This quote from a parent, who I believe was from Red Hook, summed up the parent comments pretty well – “Someone owes these kids an apology for what they have been through.  It’s really not fair.”

NYSAPE Survey Shows New Yorkers Overwhelmingly Reject Common Core Standards, Tests & Evaluation Policies

In response to NYS Education Department’s AimHighNY survey on the Common Core that many parents and teachers found excessively complex and not open to general comments, New York State Allies for Public Education created a user-friendly survey and posted it online between November 23 and November 30. Close to 12,000 New Yorkers filled out our survey in just a week’s time. According to Commissioner Elia, only 5500 completed NYSED survey in three weeks’ time. Governor’s Common Core task force has received 1,798 submissions since December 2, according to Politico.

The respondents to the NYSAPE survey overwhelmingly reject the Common Core standards, believe the state exams and test-based teacher evaluation system are flawed, and that these reforms have worsened instruction in both English Language Arts and Math at the classroom level.

Read NYSAPE’s full press release below.

New Yorkers reject Common Core

New Yorkers reject Common Core

FOR IMMEDIATE RELEASE: December 4, 2015
More information contact:
NYS Allies for Public Education www.nysape.org

NYSAPE Survey Shows New Yorkers Overwhelmingly Reject Common Core Standards, Tests & Evaluation Policies

In response to NYS Education Department’s AimHighNY survey on the Common Core that many parents and teachers found excessively complex and not open to general comments, New York State Allies for Public Education created a user-friendly survey and posted it online between November 23 and November 30. Close to 12,000 New Yorkers filled out our survey in just a week’s time. According to Commissioner Elia, only 5500 completed NYSED survey in three weeks’ time. Governor’s Common Core task force has received 1,798 submissions since December 2, according to Politico.

The respondents to the NYSAPE survey overwhelmingly reject the Common Core standards, believe the state exams and test-based teacher evaluation system are flawed, and that these reforms have worsened instruction in both English Language Arts and Math at the classroom level.

Parents, teachers, administrators, school board members and concerned NY residents all took part in the NYSAPE survey. Of special note, 11 percent of our survey respondents also completed NYSED’s survey and 32.9 percent attempted to complete NYSED’s survey but gave up.

Of those who responded to the NYSAPE survey, 70 percent oppose the Common Core standards, 4 percent support them, 23 percent have concerns with them, and 3 percent are undecided. An even higher percentage –83 percent — believe the Common Core standards in both ELA and Math have worsened instruction. 83 percent also disagree with the shift to close reading strategies.

Over 80 percent of respondents indicated that they believe ELA and Math standards in grades K-3 are developmentally inappropriate for many students. Fewer than 4 percent of respondents say that the ELA and Math standards for grades 4-8 are well designed.

For grades 9-12, only 2 percent of respondents approve of the ELA and Math Standards. Only 6.2 percent agree with the Common Core’s quota for informational text versus literary text.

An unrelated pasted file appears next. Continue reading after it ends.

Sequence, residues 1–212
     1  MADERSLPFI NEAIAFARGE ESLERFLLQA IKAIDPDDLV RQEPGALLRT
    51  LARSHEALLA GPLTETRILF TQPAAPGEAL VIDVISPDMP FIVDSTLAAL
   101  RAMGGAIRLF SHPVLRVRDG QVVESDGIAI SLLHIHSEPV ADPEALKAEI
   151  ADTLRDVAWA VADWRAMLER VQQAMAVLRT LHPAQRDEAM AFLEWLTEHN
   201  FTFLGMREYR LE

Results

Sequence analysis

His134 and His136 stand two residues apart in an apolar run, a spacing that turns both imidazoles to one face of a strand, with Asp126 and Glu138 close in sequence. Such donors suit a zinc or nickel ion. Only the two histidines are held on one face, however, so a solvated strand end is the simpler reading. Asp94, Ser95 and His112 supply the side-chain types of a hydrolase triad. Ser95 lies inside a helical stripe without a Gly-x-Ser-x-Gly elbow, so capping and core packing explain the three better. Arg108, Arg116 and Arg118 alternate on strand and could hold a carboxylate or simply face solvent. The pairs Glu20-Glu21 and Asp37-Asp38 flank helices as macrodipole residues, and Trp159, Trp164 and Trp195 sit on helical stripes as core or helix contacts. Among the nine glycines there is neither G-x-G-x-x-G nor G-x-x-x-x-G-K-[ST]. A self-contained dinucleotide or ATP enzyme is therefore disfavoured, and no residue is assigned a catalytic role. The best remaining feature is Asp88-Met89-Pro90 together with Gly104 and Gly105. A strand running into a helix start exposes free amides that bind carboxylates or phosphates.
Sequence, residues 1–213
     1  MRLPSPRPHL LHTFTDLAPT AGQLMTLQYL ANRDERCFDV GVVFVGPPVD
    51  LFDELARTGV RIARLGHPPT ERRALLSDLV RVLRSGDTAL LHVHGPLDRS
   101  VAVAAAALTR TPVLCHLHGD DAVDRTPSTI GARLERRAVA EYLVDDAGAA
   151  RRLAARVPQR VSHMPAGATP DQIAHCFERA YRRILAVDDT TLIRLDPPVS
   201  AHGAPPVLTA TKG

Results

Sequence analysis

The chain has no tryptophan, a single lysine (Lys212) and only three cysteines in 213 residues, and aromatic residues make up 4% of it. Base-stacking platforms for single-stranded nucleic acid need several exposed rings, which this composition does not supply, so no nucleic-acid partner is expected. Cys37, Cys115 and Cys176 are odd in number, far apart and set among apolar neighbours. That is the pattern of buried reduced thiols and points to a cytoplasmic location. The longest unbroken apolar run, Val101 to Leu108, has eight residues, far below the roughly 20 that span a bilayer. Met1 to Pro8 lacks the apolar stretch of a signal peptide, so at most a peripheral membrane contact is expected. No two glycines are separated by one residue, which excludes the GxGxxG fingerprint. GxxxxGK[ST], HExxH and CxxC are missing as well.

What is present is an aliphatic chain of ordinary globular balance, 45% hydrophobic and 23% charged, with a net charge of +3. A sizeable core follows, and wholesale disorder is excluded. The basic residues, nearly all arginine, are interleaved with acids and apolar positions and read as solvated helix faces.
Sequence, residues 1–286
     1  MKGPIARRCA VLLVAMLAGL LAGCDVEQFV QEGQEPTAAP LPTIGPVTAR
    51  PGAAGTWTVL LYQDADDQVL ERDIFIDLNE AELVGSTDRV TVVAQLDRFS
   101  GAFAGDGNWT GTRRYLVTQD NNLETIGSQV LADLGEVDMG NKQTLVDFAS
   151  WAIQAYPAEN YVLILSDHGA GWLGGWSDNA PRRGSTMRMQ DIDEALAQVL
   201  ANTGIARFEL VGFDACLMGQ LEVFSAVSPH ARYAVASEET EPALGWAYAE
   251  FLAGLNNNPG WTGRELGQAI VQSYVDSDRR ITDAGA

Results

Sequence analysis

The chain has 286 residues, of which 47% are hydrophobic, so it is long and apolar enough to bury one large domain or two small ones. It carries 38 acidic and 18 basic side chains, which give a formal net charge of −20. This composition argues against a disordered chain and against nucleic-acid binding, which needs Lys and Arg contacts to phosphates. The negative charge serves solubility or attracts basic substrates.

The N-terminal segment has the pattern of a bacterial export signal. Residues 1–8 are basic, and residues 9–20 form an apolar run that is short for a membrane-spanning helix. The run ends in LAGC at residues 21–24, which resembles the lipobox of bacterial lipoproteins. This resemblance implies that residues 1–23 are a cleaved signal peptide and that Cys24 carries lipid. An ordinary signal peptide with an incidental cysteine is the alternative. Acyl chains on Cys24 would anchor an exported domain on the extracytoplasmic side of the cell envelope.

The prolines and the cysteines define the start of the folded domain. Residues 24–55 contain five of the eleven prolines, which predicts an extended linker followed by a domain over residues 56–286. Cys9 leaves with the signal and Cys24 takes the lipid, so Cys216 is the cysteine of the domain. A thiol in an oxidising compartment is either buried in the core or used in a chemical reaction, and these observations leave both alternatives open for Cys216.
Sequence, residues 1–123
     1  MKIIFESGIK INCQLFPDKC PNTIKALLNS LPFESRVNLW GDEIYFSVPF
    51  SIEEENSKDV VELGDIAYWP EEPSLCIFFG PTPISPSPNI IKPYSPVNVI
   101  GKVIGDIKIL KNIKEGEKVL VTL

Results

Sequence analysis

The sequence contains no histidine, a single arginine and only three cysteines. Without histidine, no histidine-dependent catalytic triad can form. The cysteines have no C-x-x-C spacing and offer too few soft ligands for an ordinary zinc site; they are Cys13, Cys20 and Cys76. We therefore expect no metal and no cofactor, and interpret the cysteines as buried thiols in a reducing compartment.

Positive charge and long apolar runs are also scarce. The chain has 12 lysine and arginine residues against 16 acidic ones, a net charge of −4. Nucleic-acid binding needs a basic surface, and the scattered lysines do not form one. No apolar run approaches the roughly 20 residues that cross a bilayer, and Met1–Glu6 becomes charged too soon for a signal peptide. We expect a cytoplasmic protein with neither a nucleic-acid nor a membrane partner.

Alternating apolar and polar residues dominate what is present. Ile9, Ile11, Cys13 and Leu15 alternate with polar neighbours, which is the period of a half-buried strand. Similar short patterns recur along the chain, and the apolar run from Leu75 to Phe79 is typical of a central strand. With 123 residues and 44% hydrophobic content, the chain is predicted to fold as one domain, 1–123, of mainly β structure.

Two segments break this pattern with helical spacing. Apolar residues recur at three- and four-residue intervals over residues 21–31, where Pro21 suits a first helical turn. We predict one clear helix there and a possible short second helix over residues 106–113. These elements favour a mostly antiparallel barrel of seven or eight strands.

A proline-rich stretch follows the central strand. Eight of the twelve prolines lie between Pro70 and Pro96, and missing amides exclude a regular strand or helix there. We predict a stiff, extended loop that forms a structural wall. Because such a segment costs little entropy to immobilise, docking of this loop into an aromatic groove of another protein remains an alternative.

An overwhelming number – 91 percent –say that the Common Core exams in grades 3-8 are flawed, while fewer than 1 percent believe they are valid or well-designed. Among those who find the tests to be flawed, many believe the tests are developmentally inappropriate, too long, not useful for assessing students with disabilities and/or English language learners and that reading passages and questions are too difficult and confusing.

Of our respondents, 54 percent indicated that high schools should use the previous NYS Regents exams rather than new exams aligned to the Common Core standards, while roughly 40 percent believe that students should not have to pass any high stakes exams to graduate.

Those who took the NYSAPE survey are nearly unanimous, at 96 percent, that test scores should not be linked to principal or teacher evaluations. 86.5 percent say that the state should abandon the Common Core standards and return to the New York’s former standards until educators can create better ones.

The full results of the survey are posted here: http://www.nysape.org/nysape-cc-survey-results.html

“NYSAPE’s findings are in line with the poll results and most of the testimony to the Governor’s Common Core Task Force. There is no way around this; the Governor and the legislature must eliminate these Standards, revamp the tests, and reverse the harmful education laws,” said Lisa Rudley, Westchester County public school parent and NYSAPE founding member.

One of the survey respondents said, “As a teacher who trained at Bank Street College of Education, I find the standards developmentally inappropriate. As a reading specialist, I find the kindergarten standards far too high in reading and writing. As a parent, I am very concerned because I have a child who hates reading because it was pushed so hard at his school.”

“The results of the survey confirm that the vast majority of parents and teachers do not approve of the Common Core, and oppose the rigid quotas for informational text and ‘close reading’ strategies that have straitjacketed instruction throughout the state. They want to abandon these standards, and return to our previous ones until educators can craft better ones. We hope that state policymakers, including the Commissioner, the Governor, the Board of Regents and our legislators, will listen,” said Leonie Haimson, Executive Director of Class Size Matters.